Nightfall Weekly InfoSec Roundup: July 9 to July 15

Michael Osakwe
July 6, 2019
Nightfall Weekly InfoSec Roundup: July 9 to July 15Nightfall Weekly InfoSec Roundup: July 9 to July 15
Michael Osakwe
July 6, 2019
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Cyber Attacks & Breaches

  • Arlington Investigating Cyber Attack on County Payroll System
    (ArlNow) July 10th
    Arlington County has revealed a cyberattack that penetrated the county’s payroll system. In a statement, the county says a number of employees were impacted by the intrusion, but did not specify the exact number of impacts. The intrusion appears to be the result of a “phishing” email targeting county employees and not a hack, the press release suggests.
  • Data Breach Exposes Information Of 14,600 LA County Department Of Health Services Patients
    (KCAL 9) July 10th
    A phishing attack on a contractor to the Los Angeles County Department of Health Services exposed the personal information of nearly 14,600 patients. The phishing attack happened at the end of March, giving a hacker access to the Nemadji employee’s account for several hours. Officials say there’s no indication that any patient data has been misused, but records from several Nemadji clients – including names, addresses, phone numbers, and patient information – were exposed. The Social Security numbers of two patients were also identified.
  • More than 1,000 Essential Health Patients Impacted by Nemadji Research Corporation Breach
    (HIPAA Journal) July 10
    Essentia Health, in addition to the LA County Department of Health Services, is sending notifications to more than 1,000 patients alerting them to the exposure of some of their protected health information (PHI). Like many healthcare providers, Essentia Health works with a third-party vendor that provides billing services to help recover lost revenue. Those services were provided by a Bruno, MN-based billing services firm called Nemadji Research Corporation.
  • KRP: At least 1,000 devices compromised in data breach in Lahti
    (News from Finland Helsinki Times) July 10th
    The National Bureau of Investigation (KRP) has made progress investigating a suspected data breach at the City of Lahti. KRP revealed that its pre-trial investigation shows that the unauthorized access detected in the city’s data systems earlier this summer was an organized attack rather than an error by an individual user.
  • New Magecart attacks leverage misconfigured S3 buckets to infect over 17K sites
    (ZDNet) July 11th
    RiskIQ reported that Magecart hackers have managed to compromise and plant malicious code on over 17,000 domains over the last few months, since April. To achieve such a monumental task, RiskIQ said hackers scanned for misconfigured AWS S3 storage servers, where they added malicious code to JavaScript files used on live websites.
  • Monroe College Hit with Ransomware Attack
    (Dark Reading) July 11th
    Monroe College, based in the Bronx, New York, has been hit by a ransomware attack demanding $2 million in Bitcoin to release its encrypted data. According to police sources, the attack has had an impact on Monroes College campuses and facilities in Manhattan, New Rochelle, NY, and Florida. The attack was reported to the police on June 10.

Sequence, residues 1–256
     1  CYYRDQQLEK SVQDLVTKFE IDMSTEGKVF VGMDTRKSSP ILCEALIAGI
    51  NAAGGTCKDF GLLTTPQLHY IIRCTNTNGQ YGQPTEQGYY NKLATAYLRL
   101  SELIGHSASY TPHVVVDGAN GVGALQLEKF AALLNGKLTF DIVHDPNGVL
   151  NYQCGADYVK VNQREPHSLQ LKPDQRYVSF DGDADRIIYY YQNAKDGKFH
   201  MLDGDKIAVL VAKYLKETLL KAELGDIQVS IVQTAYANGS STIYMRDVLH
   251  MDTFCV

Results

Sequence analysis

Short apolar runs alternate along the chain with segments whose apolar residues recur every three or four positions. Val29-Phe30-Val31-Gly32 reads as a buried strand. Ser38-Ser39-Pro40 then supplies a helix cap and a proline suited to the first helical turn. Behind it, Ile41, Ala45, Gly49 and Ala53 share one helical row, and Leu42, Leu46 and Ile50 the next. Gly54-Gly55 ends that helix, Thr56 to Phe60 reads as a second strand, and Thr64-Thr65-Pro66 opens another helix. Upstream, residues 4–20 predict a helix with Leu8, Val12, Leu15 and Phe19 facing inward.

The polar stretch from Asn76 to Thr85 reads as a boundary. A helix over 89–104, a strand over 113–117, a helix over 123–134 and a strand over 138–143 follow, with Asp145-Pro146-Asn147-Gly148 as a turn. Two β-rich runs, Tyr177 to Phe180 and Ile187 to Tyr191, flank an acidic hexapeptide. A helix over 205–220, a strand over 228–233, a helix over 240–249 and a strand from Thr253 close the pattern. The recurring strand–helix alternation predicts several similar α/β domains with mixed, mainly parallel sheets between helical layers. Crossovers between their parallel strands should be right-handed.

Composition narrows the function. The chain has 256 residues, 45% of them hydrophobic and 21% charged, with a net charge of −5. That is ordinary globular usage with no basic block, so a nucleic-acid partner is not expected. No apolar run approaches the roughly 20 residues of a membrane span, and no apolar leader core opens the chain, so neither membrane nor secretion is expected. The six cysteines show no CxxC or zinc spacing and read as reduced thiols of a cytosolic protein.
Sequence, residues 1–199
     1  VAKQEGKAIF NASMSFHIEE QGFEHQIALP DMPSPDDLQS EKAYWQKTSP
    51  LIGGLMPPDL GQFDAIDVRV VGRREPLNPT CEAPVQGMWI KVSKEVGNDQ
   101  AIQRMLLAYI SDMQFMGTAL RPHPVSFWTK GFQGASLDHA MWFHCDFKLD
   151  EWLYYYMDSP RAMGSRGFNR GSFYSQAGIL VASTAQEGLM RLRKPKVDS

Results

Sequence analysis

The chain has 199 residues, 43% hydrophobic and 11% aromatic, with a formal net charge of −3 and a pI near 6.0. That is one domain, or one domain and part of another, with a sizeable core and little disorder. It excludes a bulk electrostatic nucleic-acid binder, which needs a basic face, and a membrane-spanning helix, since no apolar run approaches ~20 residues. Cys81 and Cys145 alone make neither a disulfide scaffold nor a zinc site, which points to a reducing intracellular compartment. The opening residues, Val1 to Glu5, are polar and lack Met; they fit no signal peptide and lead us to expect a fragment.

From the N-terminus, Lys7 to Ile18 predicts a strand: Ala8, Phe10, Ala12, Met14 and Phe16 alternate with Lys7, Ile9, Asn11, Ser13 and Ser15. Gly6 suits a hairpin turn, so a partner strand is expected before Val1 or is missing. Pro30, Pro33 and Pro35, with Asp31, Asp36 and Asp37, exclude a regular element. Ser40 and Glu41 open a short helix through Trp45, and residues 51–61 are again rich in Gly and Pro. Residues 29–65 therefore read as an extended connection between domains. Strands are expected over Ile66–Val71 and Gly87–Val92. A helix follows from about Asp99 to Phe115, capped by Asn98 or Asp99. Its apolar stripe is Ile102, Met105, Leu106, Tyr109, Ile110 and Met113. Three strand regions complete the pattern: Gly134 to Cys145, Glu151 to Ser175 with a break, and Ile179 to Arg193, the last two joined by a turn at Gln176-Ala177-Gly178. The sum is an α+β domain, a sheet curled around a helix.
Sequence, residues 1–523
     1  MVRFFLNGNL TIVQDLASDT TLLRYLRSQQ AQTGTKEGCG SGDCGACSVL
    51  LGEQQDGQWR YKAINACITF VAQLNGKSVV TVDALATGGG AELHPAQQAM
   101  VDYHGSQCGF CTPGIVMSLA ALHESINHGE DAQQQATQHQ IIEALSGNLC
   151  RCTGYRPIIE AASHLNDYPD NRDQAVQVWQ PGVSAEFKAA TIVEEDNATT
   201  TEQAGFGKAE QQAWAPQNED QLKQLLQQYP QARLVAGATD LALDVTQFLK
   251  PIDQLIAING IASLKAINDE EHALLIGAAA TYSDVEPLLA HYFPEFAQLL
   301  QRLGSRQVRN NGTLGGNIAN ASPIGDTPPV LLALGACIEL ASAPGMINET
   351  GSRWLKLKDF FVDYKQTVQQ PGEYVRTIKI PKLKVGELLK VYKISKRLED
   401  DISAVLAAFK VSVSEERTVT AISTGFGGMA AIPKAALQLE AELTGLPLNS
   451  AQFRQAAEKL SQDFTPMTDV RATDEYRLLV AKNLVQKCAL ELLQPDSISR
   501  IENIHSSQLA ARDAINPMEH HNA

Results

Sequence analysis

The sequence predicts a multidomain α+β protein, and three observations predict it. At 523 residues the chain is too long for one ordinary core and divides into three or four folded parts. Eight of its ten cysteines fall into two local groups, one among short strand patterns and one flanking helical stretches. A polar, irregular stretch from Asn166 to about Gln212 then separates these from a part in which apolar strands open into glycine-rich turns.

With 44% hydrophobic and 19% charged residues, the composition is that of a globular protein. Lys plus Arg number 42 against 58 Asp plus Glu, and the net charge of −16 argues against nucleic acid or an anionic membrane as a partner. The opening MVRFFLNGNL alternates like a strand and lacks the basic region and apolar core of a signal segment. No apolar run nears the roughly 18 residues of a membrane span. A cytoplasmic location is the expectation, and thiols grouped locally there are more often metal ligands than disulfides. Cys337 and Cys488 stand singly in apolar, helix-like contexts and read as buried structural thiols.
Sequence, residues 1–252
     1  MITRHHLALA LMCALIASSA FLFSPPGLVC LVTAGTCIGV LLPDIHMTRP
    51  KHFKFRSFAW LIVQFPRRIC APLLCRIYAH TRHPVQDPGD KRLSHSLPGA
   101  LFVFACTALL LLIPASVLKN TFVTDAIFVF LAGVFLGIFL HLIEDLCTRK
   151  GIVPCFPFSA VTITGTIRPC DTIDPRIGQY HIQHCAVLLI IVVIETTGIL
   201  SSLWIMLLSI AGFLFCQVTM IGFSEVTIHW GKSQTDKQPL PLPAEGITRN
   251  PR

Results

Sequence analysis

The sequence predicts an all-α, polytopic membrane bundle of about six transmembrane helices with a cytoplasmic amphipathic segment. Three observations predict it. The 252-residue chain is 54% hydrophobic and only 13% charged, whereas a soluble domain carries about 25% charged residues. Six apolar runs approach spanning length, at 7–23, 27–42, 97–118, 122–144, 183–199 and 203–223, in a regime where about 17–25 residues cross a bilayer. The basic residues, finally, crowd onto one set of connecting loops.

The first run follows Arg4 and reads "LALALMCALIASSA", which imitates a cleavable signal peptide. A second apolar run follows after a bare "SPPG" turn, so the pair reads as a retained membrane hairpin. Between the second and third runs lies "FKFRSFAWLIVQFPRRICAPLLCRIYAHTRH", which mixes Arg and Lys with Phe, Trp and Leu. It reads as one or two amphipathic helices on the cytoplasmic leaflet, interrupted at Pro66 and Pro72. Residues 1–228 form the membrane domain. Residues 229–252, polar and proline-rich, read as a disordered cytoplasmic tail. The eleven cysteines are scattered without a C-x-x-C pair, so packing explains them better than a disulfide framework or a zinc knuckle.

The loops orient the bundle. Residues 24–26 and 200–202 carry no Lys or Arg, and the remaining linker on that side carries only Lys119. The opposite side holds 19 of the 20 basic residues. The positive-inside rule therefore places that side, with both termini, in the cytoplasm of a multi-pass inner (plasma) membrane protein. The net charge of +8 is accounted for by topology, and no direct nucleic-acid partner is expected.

• Cyber virus at Strafford County becomes criminal probe
    (New Hampshire Union Leader) July 13th
    A virus that infected Strafford County computers last month has turned into a criminal investigation and moved a U.S. senator to demand more answers. Officials with the county sheriff’s office confirmed the U.S. Secret Service is assisting in a criminal probe into the June 28 virus that forced the county’s information technology team to shut down its network. County Administrator Ray Bower has said the county is about 95% recovered from this virus. Unlike ransomware, there were no demands for cash.
  • Japanese Exchange Bitpoint Hit By $32m Cyber-Attack
    (infosecurity Group) July 15th
    Japan-based cryptocurrency exchange Bitpoint has become the latest to lose tens of millions of dollars in a cyber-attack. The firm said it was forced on Friday to stop all services — including withdrawals, deposits, payments, and new account openings — while it investigated the incident. It has also notified the relevant authorities in Japan. Hackers managed to steal funds not only from the firm’s hot wallets, but also its offline cold wallets. After first detecting an error in Ripple remittances, Bitpoint said it realized it had been the victim of a cyber-attack.
  • 13,000 Patients of Maine Provider Among AMCA Data Breach Victims
    (Health IT Security) July 15th
    Penobscot Community Health Center in Maine recently began notifying about 13,000 patients that their data was potentially compromised in an eight-month long hack on its billing services vendor, American Medical Collection Agency. So far, up to 12 million Quest Diagnostics patients, 7.7 million LabCorp patients, and 422,000 BioReference patients were all included in the breach victim tally.

Vulnerabilities & Exploits

  • Flaws in hospital anesthesia and respiratory devices allow remote tampering
    (TechCrunch) July 9th
    Security researchers have found a vulnerability in a networking protocol used in popular hospital anesthesia and respiratory machines, which they say if exploited could be used to maliciously tamper with the devices. Researchers at healthcare security firm Cyber MDX said that the protocol used in the GE Aestiva and GE Aespire devices can be used to send commands if they are connected to a terminal server on the hospital network. Homeland Security released an advisory on Tuesday, saying the flaws required “low skill level” to exploit.